Many sounds are part of our daily life that we unconsciously listen to. As these sounds fill the background, we don’t even realize how they transform or change direction, rhythm, or intensity.

With this Play Invitation, children can develop their attention, concentration, and listening skills, to recognize and identify sounds. They’ll also explore identity and sound and become aware of our sound landscape’s many layers and complexity. 

What Could Lead Us to This Play Invitation

  • Children have been exploring the sound of objects and musical instruments;
  • Children are curious about what is making certain noises;
  • Children are excited about the sounds of their bodies.

Materials Needed

• You don’t need any specific material for this Play Invitation.

Setting up this Play Invitation

  1. Choose a path to take the children, that is interesting and diverse in terms of sounds.

How to explore the sounds

  1. Take your children for a silent walk outside your school.
  2. Pay attention to all the sounds that you hear, for example, birds, wind, cars, people, and rain.
  3. Encourage children to reflect on those sounds by asking questions like:
    • What sounds are you hearing right now?
    • How many different sounds?
    • How are they changing?
    • What’s the loudest sound?
    • The best sound?
    • The ugliest sound?
    • What sounds would you like to hear instead of these ones?

Optional Next Step: Invite children to paint the sounds. Offer paper and paints. How can you paint the sound of the birds we heard? How does it feel to you?

How to Nurture the Natural Unfolding of the Child’s Identity During This Play Invitation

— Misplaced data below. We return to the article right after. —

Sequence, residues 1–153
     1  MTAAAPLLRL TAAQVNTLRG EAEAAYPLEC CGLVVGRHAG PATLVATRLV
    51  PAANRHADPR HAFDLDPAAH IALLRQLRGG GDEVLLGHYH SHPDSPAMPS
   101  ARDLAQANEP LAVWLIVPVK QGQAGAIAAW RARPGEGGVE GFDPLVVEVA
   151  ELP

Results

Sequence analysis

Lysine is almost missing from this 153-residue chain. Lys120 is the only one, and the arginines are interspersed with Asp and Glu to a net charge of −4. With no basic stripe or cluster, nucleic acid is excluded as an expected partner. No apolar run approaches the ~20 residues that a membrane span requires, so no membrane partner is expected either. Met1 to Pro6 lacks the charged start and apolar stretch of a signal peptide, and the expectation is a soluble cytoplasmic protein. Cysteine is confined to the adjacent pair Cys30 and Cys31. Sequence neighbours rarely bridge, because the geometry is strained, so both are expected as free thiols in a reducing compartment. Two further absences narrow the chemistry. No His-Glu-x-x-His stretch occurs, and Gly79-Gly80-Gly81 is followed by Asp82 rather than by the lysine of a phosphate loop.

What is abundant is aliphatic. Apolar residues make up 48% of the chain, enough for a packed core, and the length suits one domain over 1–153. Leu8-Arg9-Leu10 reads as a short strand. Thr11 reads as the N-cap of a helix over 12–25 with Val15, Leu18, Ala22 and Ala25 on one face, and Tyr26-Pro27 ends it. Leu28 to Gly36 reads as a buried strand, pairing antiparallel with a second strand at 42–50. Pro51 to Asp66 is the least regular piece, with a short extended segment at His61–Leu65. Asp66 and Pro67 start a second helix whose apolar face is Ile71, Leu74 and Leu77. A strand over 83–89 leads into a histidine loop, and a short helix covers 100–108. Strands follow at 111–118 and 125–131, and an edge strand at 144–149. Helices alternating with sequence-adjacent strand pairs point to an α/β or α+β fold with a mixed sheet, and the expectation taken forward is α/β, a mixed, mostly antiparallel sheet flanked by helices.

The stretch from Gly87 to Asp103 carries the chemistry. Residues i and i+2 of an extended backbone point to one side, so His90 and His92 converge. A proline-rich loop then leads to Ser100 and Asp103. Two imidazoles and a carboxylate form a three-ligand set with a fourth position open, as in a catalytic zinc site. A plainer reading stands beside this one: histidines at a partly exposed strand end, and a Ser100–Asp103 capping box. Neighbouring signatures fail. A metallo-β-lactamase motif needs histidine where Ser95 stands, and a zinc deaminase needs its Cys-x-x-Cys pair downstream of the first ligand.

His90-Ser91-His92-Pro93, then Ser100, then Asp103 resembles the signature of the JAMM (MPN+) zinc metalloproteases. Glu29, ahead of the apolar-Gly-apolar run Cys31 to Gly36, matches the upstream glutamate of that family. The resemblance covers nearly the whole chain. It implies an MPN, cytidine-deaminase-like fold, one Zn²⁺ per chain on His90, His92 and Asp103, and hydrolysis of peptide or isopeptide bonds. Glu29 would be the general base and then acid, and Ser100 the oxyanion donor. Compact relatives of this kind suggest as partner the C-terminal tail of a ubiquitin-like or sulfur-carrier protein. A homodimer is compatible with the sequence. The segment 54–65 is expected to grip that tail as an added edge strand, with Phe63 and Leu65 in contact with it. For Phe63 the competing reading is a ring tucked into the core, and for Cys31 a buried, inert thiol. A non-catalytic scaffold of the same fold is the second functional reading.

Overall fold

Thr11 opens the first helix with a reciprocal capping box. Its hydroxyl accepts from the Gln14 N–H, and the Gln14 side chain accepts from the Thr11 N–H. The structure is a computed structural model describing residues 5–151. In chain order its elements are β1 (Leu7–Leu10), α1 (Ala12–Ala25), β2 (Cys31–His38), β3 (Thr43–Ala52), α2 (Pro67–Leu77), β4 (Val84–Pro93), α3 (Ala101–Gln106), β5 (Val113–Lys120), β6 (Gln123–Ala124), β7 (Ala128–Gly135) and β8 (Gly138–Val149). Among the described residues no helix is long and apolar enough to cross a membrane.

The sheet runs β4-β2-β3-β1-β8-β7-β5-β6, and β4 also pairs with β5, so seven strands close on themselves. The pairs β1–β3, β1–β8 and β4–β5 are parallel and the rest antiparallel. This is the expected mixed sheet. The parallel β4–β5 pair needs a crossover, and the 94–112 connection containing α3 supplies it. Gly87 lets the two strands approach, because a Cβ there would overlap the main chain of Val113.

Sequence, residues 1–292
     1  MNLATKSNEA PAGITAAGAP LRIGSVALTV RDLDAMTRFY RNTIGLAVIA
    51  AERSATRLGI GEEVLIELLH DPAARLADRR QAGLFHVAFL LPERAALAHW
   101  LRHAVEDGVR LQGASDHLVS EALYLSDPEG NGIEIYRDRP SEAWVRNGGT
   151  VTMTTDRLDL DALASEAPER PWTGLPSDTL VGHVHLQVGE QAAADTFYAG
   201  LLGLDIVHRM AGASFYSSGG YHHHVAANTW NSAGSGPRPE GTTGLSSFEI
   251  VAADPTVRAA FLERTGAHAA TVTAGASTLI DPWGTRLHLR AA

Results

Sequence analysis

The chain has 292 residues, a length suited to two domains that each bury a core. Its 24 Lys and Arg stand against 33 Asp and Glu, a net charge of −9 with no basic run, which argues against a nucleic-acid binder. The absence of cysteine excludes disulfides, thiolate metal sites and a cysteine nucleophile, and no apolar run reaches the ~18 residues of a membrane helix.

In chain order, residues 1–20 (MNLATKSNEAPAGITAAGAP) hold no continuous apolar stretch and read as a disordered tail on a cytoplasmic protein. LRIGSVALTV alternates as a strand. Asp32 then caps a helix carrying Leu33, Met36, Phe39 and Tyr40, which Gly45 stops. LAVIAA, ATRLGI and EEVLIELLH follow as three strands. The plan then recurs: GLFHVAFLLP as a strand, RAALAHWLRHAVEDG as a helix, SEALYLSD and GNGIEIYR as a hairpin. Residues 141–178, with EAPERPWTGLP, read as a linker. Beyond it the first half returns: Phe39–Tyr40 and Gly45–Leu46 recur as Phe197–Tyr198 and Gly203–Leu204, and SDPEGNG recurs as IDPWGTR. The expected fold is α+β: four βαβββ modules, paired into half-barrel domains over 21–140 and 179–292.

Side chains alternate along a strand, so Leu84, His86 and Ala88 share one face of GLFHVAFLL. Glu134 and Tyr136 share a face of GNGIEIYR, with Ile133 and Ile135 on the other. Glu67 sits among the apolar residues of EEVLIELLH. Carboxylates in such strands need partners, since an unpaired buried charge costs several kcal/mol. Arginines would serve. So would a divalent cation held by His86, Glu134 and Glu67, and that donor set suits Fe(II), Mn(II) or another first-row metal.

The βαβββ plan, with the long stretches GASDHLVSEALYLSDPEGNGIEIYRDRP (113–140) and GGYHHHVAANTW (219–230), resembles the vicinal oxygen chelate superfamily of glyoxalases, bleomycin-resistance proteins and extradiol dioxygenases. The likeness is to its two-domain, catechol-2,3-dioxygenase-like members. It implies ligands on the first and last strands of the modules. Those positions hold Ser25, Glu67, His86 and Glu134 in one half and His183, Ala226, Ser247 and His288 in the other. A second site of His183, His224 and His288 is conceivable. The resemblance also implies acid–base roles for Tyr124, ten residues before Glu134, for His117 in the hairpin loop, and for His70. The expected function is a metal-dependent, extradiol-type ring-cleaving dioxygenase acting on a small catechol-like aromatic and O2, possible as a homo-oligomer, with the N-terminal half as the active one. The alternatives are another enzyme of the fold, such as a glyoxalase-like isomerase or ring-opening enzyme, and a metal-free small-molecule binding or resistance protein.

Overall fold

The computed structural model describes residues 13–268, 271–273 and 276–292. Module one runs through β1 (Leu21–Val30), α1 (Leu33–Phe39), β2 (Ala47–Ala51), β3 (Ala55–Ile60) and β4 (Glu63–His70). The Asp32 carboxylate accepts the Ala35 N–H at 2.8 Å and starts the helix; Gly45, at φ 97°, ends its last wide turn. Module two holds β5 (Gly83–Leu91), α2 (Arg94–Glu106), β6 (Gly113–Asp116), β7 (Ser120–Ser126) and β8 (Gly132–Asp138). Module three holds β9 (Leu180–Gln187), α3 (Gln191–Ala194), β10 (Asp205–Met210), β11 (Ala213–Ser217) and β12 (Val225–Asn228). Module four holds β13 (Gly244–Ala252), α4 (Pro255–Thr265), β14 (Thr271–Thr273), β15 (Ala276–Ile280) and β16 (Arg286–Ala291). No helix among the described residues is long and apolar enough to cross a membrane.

• Children have the right to leave their classroom context and explore the outside world. As attractive as the interior of our school may be, it’s just a tiny portion of a controlled reality. Feeling the pulse of life outside, taking part and acting gives children a greater sense of belonging and a better understanding of the context and community in which they live.
  • Children with special rights are entitled to participate in all activities as long as they do not compromise their physical or emotional integrity. In a sound exploration proposal, the educator can, for example, use a multi-sensory approach of “hearing” through touch and vibrations or use gestures to exemplify the sound.

The Academic Learning Opportunities

  • LANGUAGE: Develop listening skills and concentration so the brain can process meaning.
  • SCIENCE: Acknowledge sound qualities like intensity, pitch, duration, timbre, and direction.


  • In your classroom stay still in silence and listen to the sounds. Identify the sounds you hear. Use the same questions to guide children’s reflection.

Book Recommendation

A playful book that inspires us to stop and listen carefully.